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Ann N Y Acad Sci. 2006 Nov;1086:134-43.

Psychological, neuroimaging, and biochemical studies on functional association between impulsive behavior and the 5-HT2A receptor gene polymorphism in humans.

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  • 1Department of Psychology, Tokai Women's University, Nakakirino-cho, Kakamigahara, Gifu 504-8511, Japan.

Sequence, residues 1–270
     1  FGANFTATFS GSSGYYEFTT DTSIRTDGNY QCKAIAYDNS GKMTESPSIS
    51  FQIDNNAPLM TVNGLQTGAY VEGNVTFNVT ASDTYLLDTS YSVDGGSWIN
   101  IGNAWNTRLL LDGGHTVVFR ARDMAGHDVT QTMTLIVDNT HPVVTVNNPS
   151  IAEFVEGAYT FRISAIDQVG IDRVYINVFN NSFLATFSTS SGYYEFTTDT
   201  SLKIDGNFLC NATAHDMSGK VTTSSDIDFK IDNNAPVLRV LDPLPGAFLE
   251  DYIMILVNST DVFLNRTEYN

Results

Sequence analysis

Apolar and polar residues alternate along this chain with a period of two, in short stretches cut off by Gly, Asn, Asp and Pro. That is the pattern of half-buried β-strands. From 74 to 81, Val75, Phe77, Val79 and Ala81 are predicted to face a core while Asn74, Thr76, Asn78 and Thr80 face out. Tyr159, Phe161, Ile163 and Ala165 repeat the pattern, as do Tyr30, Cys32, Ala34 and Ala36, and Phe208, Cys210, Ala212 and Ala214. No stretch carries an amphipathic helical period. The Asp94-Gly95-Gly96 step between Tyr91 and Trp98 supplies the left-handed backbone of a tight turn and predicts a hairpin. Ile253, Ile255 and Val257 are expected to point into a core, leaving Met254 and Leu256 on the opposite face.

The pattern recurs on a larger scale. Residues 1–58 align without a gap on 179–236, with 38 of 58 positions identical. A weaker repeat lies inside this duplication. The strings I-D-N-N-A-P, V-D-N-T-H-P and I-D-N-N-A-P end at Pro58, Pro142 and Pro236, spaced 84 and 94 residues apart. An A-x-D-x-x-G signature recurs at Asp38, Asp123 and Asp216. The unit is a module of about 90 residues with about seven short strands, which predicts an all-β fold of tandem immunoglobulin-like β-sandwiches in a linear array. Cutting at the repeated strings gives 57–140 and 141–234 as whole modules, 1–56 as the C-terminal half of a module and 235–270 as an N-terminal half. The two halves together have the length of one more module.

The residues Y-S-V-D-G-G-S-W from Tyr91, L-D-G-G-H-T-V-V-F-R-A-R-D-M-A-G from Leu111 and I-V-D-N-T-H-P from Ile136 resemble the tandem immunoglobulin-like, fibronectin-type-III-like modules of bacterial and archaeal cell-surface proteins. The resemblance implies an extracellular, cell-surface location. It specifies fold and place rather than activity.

It has been suggested that impulsive behavior is caused by dysfunctional serotonergic 5-HT neurotransmission in the central nervous system (CNS). Brain neuroimaging studies have shown that behavioral inhibition is linked to the activation of cortex sites such as the ventral frontal cortex. Positron emission tomography (PET) imaging with [(18)F]altanserin to characterize 5-HT(2A) receptor binding revealed a reduction in 5-HT(2A) binding in the ventral frontal cortex in women who had recovered from impulsive diseases. These clinical, neuroimaging, and pharmacological studies appear to support the hypothesis that functional alteration of neurotransmission due to genetic polymorphisms of the 5-HT receptors may be involved in impulsive behavior modulation. Following evaluation by a self-reporting measure, it was proposed that a polymorphism in the promoter of the 5-HT(2A) receptor gene is the underlying cause of impulsive behavior; however, this hypothesis is not convincing. We examined whether the polymorphism in the 5-HT(2A) receptor gene promoter is involved in impulsive aggression by evaluating a behavioral task (Go/No-go task) in normal volunteers. The polymorphism of the 5-HT(2A) receptor gene promoter in lymphocytes from 71 volunteers was analyzed by using PCR. Impulsivity was defined as the number of commission errors (responding when one should not) recorded during a Go/No-go task; a larger number of commission errors indicate greater difficulty in inhibiting impulsive behavior. The subjects of the A-1438A allele group for the 5-HT(2A) receptor gene made more commission errors under the punishment-reward (PR)condition in a Go/No-go task than those in the G-1438G group. In the present review, we discuss and suggest the possible involvement of the A-1438A polymorphism of the 5HT2A receptor gene promoter in impulsive behavior. This hypothesis was evaluated by using a behavioral task measure that could directly reveal impulsive behavioral traits in humans.

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